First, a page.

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Five Strategic Communications Research Opportunities During the Coronavirus Pandemic Scroll to read

Coronavirus creates new communication challenges for organizations – businesses, nonprofits and associations – on how to advance their messaging in news and social media. The domestic and global health crisis is an ever-changing environment that rewrites the communications rule book day-by-day for how organizations should communicate to policymakers, influencers, and the general public about their political and policy efforts.

Organizations that misjudge this new environment and incorrectly gauge the public mood will face negative consequences to their brand and reputation— a stock photo that fails to portray people upholding CDC recommendations, a social media post that is insensitive to the moment, or rumors about misusing stimulus funding– can cause swift, negative conversation online. Organizations that fail to respond to the changing environment by updating their communication’s risk:

  • Losing their voice in important policy making conversations that are being discussed across most industries at the national, state, and local levels.
  • Offending key constituencies with improper imagery and messaging. At a minimum, organizations that fail to update their communications risk being viewed as out of touch and ineffective.
  • Missing opportunities to highlight an organization’s efforts related to the virus outbreak or elsewhere.

Formal research – including consumer and member surveys, brand and message testing – can help organizations strategize how to best communicate during this crisis. Here are five opportunities to consider:

Formal research – including consumer and member surveys, brand and message testing – can help organizations strategize how to best communicate during this crisis

1. The renewed importance of qualitative research

Qualitative research can effectively help organizations develop messaging in an always changing news environment. Organizations need in-depth intelligence on how people think and feel about important issues. Qualitative research enables that in-depth understanding.

2. Online focus groups are an excellent tool for communication

Online focus groups enable a relatively large group of participants (25 to 30) from multiple locations around the country to join a dynamic, moderated conversation. A typical 90-minute session can accommodate multiple choice questions, creative testing, highlighting exercises, and conversations between the participants and the moderators. Online focus group session can help clients understand public perceptions, test messaging, and evaluate creative concepts.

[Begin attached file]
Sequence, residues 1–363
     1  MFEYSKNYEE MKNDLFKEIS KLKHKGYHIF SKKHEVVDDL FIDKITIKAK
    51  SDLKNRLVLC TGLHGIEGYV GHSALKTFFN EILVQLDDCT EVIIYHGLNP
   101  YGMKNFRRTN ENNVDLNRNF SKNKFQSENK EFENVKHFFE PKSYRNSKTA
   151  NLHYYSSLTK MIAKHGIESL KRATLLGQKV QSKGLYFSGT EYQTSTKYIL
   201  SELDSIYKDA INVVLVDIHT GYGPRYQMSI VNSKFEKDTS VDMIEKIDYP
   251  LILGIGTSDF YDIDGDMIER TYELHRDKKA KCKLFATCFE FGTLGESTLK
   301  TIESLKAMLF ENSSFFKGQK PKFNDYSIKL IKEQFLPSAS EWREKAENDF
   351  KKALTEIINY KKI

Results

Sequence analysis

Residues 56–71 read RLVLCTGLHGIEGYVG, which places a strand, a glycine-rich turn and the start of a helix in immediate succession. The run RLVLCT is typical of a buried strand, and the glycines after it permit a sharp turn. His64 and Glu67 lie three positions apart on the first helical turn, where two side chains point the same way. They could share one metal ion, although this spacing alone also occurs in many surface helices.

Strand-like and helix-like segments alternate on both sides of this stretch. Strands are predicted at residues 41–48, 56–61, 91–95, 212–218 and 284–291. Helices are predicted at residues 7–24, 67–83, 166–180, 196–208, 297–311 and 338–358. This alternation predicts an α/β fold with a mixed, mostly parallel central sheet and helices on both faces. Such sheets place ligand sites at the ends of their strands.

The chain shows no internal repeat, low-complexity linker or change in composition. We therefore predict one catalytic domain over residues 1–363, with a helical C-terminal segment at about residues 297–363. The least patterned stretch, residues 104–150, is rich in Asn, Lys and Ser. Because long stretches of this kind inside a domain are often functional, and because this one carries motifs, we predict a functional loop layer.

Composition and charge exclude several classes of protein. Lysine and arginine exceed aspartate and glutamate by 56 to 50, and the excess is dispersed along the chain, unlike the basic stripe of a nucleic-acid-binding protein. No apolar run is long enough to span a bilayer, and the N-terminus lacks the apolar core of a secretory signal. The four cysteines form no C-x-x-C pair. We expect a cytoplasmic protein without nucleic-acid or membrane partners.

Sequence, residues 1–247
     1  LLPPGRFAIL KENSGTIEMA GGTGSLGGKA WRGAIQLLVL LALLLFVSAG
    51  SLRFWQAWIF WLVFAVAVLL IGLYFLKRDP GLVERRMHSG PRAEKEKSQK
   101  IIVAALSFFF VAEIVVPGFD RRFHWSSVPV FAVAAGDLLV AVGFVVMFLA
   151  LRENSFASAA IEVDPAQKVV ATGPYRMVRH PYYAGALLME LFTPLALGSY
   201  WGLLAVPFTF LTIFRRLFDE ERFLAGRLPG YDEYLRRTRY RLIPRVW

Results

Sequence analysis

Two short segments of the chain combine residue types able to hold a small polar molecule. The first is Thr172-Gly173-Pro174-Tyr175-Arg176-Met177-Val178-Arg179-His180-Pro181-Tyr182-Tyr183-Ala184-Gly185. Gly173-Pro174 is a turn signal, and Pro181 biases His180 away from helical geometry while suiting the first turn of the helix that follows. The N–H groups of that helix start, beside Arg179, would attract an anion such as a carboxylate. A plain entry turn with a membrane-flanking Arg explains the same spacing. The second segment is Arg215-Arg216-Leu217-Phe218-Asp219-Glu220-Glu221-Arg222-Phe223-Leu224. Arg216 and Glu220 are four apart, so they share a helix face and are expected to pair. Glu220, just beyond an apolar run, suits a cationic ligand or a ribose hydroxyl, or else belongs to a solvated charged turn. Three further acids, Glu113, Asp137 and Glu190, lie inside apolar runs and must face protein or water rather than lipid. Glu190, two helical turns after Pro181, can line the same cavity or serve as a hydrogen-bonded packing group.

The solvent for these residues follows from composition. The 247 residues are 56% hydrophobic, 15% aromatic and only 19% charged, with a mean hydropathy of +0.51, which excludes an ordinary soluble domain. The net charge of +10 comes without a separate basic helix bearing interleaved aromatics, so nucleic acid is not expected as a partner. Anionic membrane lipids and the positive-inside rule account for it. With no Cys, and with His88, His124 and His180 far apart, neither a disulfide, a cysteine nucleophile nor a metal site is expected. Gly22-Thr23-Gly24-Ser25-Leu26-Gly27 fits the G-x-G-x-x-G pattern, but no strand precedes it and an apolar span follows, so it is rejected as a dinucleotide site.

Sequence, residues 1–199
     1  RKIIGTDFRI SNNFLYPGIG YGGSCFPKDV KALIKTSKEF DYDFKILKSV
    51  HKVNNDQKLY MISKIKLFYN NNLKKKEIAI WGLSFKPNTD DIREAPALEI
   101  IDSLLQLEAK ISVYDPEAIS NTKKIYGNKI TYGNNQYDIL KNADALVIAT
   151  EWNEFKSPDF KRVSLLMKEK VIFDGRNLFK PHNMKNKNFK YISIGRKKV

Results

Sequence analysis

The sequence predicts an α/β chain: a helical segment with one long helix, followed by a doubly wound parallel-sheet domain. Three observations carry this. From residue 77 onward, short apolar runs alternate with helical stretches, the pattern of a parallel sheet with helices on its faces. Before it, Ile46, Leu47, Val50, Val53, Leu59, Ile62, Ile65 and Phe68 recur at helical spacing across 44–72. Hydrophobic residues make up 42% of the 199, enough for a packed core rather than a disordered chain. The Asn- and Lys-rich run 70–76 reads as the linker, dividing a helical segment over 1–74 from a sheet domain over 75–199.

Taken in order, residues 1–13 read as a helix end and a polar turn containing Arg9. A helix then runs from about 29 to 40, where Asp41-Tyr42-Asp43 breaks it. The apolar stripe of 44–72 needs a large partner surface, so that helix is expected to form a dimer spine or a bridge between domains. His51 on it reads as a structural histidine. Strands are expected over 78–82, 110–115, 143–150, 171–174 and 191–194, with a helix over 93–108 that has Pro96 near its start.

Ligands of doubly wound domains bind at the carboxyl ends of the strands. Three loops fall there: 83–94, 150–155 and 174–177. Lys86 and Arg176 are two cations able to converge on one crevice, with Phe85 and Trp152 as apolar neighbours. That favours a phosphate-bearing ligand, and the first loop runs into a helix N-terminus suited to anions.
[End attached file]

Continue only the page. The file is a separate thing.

3. Online bulletin boards provide an adaptive, ongoing dialogue

Online bulletin boards can reach a large number of respondents over the course of several days. Participants respond to a prepared schedule of questions, which can include observations from encounters in their daily lives. Bulletin boards provide detailed feedback in an environment that allows clients to probe and adjust their questions based on the multi-day session. These sessions can be used for a variety of applications, including issue intelligence, campaign feedback, message testing, creative testing, and reputation evaluation.

4. Always on” communities provide constant data

A large sample of respondents who provide regular, “asynchronous” feedback based on a schedule of assignments provides clients with the ideal mix of qualitative and quantitative data points. Think of a community as a large-scale bulletin board. Standing up an online community can entail large upfront costs. But once established, they provide a tool for constant data that can change based on the immediate needs of the client. This reduces the turn-around time for getting feedback compared to a stand-alone survey or even an online focus group.

5. Media analytics focus priorities

The news and social media conversation changes by the hour, making it hard for organizations to prioritize what constitutes a risk or an opportunity. Should an organization response and, if so, when? A data-based approach can analyze the entire news and social media conversation to provide valuable metrics that quantify reactions, sentiment, and importance. This allows measuring: the social media conversation generated by a news article; the comments of leading social media influencers; the tracking of important topics in local publications that will filter up into national news; the effectiveness of owned or earned media client mentions; and the relative size of topics within the news and social environment. Empowered by these data points, clients can make fast, informed decisions about their communication priorities and messaging.

Certus Insights is an experienced partner that can help clients implement these methodologies for actionable intelligence. To learn more, please email us here.